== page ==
As always, the producers have done a fine job of organizing the structure of a president's life. George H. W. Bush's is now part of a boxed set from PBS. There is some variation in the appeal of the episodes. I thought, for instance, that Woodrow Wilson's episodes had been turned almost into an epic soap opera. But all of the episodes, no matter the subject, are invariably accurate in their presentation of the material and generally balanced in their assessments. Editorial comments, for good or bad, come not from the narration or the images but from talking heads who are in a position to know what they're talking about, and none of the observations are scurrilous. The films are thoughtful descriptions of lives, families, and careers, not tabloid exposes.
There is a good deal of information packed into this multi-hour program. That doesn't make it easy to review the story of a given individual. As with any life, there are a series of incidents, many unrelated to the others, some generated by chance, and no unifying "theme", no simple explanation for the things we witness.
Yet, in the case of George Herbert Walker Bush, our 41st president, in office from 1989 to 1993, more than for any other president, I'm tempted to wonder if his character and career didn't have one or two relatively simple characterological traits.
They could be given names, such as "moderation," "modesty," "self containment," "achievement," and so on but the names, as is so often the case, don't quite capture the concepts themselves.
Bush was the son of Prescott Bush, a man of extreme wealth and political importance both in New England and nationally. Prescott Bush was socially progressive and fiscally moderate to conservative, as many Republicans were in the less-polarized 1940s. He supported not only business interests but was treasurer for Planned Parenthood and he promoted the United Negro College Fund and the Peace Corps. Prescott was elected Senator but his most important contributions to national policy may have come from his being one of "the wise men," a circle of perceptive appointees who advised presidents Truman and Eisenhower. They avoided the limelight. They never had to get into the bare-knuckled fights taking place in the political arena.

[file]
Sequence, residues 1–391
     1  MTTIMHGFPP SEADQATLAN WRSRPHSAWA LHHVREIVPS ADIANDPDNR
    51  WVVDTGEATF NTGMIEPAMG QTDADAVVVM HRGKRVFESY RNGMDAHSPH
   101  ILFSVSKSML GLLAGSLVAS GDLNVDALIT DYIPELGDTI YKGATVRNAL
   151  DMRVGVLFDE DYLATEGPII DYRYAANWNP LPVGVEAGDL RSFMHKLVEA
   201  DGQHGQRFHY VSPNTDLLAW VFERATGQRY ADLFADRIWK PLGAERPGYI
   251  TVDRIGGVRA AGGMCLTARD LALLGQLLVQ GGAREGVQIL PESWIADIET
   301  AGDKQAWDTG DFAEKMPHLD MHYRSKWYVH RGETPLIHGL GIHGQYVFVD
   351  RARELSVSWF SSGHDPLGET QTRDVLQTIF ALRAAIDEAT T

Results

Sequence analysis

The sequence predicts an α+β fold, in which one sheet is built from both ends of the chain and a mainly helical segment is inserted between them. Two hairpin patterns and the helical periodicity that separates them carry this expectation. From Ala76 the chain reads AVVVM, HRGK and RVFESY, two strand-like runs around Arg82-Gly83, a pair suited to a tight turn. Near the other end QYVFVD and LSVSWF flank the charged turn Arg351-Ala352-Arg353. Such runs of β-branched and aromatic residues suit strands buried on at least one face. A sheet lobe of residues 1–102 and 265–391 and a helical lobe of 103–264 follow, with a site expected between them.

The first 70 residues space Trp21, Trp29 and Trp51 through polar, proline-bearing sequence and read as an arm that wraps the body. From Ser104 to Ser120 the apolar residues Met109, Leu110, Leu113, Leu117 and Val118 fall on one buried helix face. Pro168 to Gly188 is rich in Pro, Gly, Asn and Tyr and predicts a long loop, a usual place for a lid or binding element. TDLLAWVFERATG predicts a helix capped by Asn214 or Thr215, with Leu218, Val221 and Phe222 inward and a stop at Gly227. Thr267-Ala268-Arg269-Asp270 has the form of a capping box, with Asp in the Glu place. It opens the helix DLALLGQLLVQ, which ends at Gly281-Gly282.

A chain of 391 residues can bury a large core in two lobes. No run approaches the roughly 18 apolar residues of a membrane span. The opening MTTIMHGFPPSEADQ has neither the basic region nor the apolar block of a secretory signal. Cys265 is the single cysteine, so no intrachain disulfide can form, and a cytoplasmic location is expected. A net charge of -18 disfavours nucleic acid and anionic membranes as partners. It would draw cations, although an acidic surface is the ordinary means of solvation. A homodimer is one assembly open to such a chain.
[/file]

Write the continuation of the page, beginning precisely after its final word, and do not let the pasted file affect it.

George H. W. Bush was sprung from this clubby and privileged Bostonian background, in which the object of the game was not to achieve celebrity but to urge caution and stability and to help less privileged (and presumably less intelligent) people to improve themselves.
Here is a definition of "noblesse oblige" from Wikipedia: "Noblesse oblige" is generally used to imply that with wealth, power and prestige come responsibilities....In ethical discussion, it is sometimes used to summarize a moral economy wherein privilege must be balanced by duty towards those who lack such privilege or who cannot perform such duty. Finally, it has been used recently primarily to refer to public responsibilities of the rich, famous and powerful, notably to provide good examples of behaviour or to exceed minimal standards of decency."
I don't want to get into the regional sub-culture of the New England aristocracy because there isn't space to do it. Anyone interested in this fascinating subject -- and I'm not being sarcastic -- should take a look at E. Digby Baltzell's "Puritan Boston and Quaker Philadelphia." (It's not that intimidating.) Neither the writers nor the talking heads mention this but the overall impression of this documentary is that George H. W. Bush was guided by "noblesse oblige" during his entire political career, as well as by other New England values that encourage a generous but receding personality, conservative in appearance and demeanor.
It may have cost him his second term. The economy was in bad shape towards the end of Bush's four years, as it had been when he first took office. Then, as the election approached, there were signs of improvement, largely due to a compromise budget Bush had signed, one that cut spending but raised taxes. Bush refused to brag about the improvement, which had taken three years to show up. He also refused to travel to Germany when the Berlin Wall was destroyed, stand on top of it, and humiliate Michael Gorbachev, though all his advisers urged him to. He was asked by reporters and critics why he hadn't "finished the job" in Iraq. (Colin Powell observes, "Nobody is asking today.") He was increasingly seen as weak and insincere. Ad hominem attacks came from both the plump, New-Agey Clinton on the left, and the vitriolic Pat Buchanan and the let's-get-down-to-business H. Ross Perot on the conservative side. The ads and media commentary were filled with rancor. As one talking head observes, "Nineteen ninety-eight was the year of the handler." The political character of the country was undergoing a great lurch and Bush, a Republican moderate, was left in the depopulated middle. He was just plain uncomfortable with negative ads and braggadocio. That's the ultimate shape his character assumes, judging from this film. He may have been the last gentleman to occupy the White House.
Personally, I salute him for preserving as much of his dignity as he did. It may have been a political mistake but it was a moral act, in Kant's terms. Criticizing G. H. W. Bush for weakness or impotence because he refused to show anger, to dissemble, to insinuate, to occupy a country whose army he had just destroyed, is to define "civility" and "reason" as "bad." If he was a "wimp", then a little more wimpiness from both sides of the political spectrum would be very welcome today. That's my opinion anyway, and I don't give my opinions freely. I charge what they're worth. And that will be fifteen cents. Thank you.
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